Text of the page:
Reckless bank officials should face imprisonment, says Renua
Lucinda Creighton unveils policy paper to tackle white collar crime
Lucinda Creighton, party leader of Renua, launches a ten point plan for ‘Collaring the White Collar Criminals’ in front of Leinster House. Photograph: Sara Freund / The Irish Times
Party leader Lucinda Creighton unveiled the new policy paper to tackle white collar crime in Dublin on Friday alongside other senior political representatives.
Ms Creighton also said the Bill contained provisions to establish a Corporate Criminal Court that would deal specifically with financial crimes.
The party has published a 10-point plan to deal with this area which the party claims has been neglected compared to more traditional forms of criminality.
“There is a really strong sense that notwithstanding the extraordinary collapse of the banking system and the massive destruction caused to the economy which has affected the lives of ordinary citizen, nothing has really changed,” said Ms Creighton.
The policy would bring real accountability to actions and omissions in the corporate world, she intimated.
“We will introduce legislation which imposes criminal liability on a senior manager of a banking institution, fund or insurance undertaking who knowingly puts the viability of the institution at risk,” Ms Creighton said.
The party’s deputy leader Billy Timmons said it seemed to him that white collar crime was not taken as seriously in Ireland as other forms of criminality.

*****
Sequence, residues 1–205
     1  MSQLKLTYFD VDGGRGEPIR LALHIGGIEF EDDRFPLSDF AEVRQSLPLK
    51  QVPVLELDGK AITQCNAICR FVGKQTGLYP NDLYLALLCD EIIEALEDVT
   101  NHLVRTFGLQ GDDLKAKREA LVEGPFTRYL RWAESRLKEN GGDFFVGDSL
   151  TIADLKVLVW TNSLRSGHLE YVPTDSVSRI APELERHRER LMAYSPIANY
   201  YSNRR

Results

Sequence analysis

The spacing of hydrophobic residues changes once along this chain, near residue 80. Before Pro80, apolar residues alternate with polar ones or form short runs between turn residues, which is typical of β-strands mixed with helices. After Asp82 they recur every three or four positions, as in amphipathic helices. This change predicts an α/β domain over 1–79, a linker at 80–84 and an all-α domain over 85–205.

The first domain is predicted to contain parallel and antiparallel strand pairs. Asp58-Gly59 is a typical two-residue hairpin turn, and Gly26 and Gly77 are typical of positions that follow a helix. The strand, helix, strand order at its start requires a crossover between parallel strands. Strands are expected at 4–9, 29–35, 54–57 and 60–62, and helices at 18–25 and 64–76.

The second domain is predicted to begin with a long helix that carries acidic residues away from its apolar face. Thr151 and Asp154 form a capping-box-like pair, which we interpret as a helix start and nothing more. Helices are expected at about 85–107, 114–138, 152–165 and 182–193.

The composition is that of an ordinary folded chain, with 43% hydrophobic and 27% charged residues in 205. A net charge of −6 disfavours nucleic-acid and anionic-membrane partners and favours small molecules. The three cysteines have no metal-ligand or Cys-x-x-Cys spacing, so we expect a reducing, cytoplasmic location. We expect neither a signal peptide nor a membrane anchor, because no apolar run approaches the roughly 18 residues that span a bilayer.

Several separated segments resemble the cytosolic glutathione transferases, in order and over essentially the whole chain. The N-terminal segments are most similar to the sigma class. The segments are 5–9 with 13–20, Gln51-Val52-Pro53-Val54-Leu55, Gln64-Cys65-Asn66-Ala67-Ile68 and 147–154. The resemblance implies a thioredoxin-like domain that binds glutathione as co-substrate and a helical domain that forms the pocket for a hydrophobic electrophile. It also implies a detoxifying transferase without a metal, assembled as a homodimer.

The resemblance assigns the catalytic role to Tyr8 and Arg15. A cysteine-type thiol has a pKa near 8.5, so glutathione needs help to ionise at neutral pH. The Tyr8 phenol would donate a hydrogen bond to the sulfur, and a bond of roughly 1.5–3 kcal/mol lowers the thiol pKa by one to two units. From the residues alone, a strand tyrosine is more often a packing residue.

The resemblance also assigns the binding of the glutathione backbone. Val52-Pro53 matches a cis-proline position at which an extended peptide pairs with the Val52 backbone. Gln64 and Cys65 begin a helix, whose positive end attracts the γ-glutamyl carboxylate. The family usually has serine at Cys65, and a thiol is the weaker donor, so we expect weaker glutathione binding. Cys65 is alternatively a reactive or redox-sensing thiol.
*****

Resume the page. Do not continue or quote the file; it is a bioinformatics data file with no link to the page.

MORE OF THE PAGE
“If you steal an apple in Moore Street, odds are you will go through the process. But we know that many big criminals involved in company crime and fraud get away with it,” Mr Timmons said.
Among the main measures are: criminal sanctions for company directors found to have traded recklessly. There are existing laws in Australia dealing with this issue.
Another proposal, which might be difficult to legislate for, is the idea of providing a financial incentive to whistle-blowers. This would involve them being entitled to a portion of any money owed to the Exchequer that was retrieved because of their disclosures.
The policy also suggests that grounds for mitigation, including previous good character, should not be so readily relied on by the Courts.
Another major provision is for the corporate criminal court to deal with the offences covered by the policy. This court would be presided over by judges who have specialist knowledge and expertise in this area. It would be the criminal equivalent of the Commercial Court.